Identity theft is apparently more profitable in Europe than the US:

“Certain identities are more alluring than others, according the report. Stolen identities of citizens of the European Union sell on the high end — for $30 — an average of 50 percent more than U.S. identities.

Researchers said the higher prices reflect the fact that the identities can be used in multiple countries, instead of just one. They added, however, that scarcity of a certain type of identity will drive up its price.”

Symantec released its report at a conference of security professionals this week in San Francisco. It was based on “malicious code gathered from more than 120 million computers running Symantec antivirus software and some 2 million decoy e-mail accounts that collect spam.”

I use Symantec products. I wonder what other information Symantec has gathered.

UPDATE 4/8/2008: For a change, here’s some good news for hackers, but not so good for the rest of us:

“One more tax-season dread: A week before the filing deadline, Treasury watchdogs said Monday that poor controls over IRS computers could allow a disgruntled employee, agency contractor or outside hacker to steal taxpayers’ confidential information.

Indeed, a hacker might even “gain full control of the IRS network,” said a report Monday from the office of the Treasury Inspector General for Tax Administration.”


General Petraeus and Senator Cornyn’s Petition (Updated)

Filed under: War — DRJ @ 1:47 pm

[Guest post by DRJ]

Today in Congress, General David Petraeus and Ambassador Ryan C. Crocker are testifying about Iraq and, at times, the hearing has been contentious:

“The senior commander of multinational forces in Iraq warned Congress Tuesday against removing “too many troops too quickly” and refused under stiff questioning to offer even an estimate of American force levels by the end of this year.

Those comments from Gen. David H. Petraeus were met by sharp criticism from a senior Democrat, Senator Carl Levin of Michigan, that the Bush administration had adopted “a war plan with no exit strategy.”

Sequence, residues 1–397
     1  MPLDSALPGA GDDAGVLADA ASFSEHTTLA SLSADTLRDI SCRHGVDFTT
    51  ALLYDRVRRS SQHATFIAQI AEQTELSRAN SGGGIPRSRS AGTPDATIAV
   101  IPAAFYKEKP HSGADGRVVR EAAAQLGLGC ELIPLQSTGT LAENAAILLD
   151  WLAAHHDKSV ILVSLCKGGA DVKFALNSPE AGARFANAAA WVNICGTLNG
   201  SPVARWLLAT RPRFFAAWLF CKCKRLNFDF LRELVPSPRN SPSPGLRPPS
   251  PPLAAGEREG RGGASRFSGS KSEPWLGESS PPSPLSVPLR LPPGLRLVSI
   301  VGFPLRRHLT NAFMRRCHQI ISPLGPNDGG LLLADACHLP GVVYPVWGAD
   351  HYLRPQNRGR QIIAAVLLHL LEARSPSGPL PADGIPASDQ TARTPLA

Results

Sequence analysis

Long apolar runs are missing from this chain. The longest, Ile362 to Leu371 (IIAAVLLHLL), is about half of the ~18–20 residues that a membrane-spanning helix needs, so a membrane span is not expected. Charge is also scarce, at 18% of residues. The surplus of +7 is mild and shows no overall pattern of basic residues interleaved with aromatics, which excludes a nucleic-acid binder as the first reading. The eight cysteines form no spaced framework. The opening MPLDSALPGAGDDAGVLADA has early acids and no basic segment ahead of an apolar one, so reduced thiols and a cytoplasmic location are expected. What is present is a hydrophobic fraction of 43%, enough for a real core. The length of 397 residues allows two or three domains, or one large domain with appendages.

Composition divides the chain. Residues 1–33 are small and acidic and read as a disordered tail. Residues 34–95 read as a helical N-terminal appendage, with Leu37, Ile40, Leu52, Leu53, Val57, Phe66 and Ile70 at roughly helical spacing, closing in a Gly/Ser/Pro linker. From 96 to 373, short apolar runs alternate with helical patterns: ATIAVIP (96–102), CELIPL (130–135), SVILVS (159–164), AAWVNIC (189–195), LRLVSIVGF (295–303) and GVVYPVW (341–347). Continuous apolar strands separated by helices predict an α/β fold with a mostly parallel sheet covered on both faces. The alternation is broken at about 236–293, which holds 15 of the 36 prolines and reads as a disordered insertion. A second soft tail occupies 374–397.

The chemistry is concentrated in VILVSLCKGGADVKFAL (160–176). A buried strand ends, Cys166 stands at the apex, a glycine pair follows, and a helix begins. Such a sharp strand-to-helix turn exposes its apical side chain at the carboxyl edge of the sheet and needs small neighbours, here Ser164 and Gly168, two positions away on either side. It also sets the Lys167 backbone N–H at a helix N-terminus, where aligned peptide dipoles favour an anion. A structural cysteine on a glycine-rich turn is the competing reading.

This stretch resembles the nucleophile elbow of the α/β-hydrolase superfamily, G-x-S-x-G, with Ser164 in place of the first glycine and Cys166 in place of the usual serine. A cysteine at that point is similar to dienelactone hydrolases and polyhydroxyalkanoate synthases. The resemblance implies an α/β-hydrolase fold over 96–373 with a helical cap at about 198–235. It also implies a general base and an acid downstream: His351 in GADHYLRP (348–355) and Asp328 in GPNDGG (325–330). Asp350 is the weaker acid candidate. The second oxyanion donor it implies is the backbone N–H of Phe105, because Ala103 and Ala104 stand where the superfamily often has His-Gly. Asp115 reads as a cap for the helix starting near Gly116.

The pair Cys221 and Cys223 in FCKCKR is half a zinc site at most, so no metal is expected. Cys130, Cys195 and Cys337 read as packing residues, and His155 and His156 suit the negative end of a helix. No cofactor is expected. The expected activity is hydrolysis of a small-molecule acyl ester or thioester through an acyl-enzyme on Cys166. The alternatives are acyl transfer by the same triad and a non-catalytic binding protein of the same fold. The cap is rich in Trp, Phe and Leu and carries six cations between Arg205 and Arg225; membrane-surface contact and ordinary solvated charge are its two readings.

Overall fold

UPDATE: Here’s a link to General Petraeus’ opening statement. Michelle Malkin has more and a roundup of links.


In a related matter, I was pleasantly surprised to get an email from Texas Senator John Cornyn asking me to sign a petition supporting General David Petraeus:

“Today, General David Petraeus will update the U.S. Senate on the amazing work being done by our troops in Iraq.

You might remember the last time General Petraeus appeared before the committee he was met with outright hostility by Democrats and their third party attack dogs. The liberal left wing attack group even took out a full page ad in the New York Times calling him a traitor.

Democrats are hoping for more of the same this time around. Both Hillary Clinton and Barack Obama are actually taking time out from the campaign trail to make a rare appearance in Washington in an effort to score cheap political points with their liberal base.

Lets make sure this time is different.

Please sign this petition telling General Petraeus that we support the job that he and his troops are doing in Iraq.”

This strikes me as a simple, direct, and good thing to do. Thanks, Senator Cornyn.


Chuck Philips Will Stay at the L.A. Times

Filed under: Dog Trainer,General — Patterico @ 12:02 am

In an article about the L.A. Times‘s retraction of a Chuck Philips story based on forged documents, the New York Times reports that Philips will be staying on at the paper: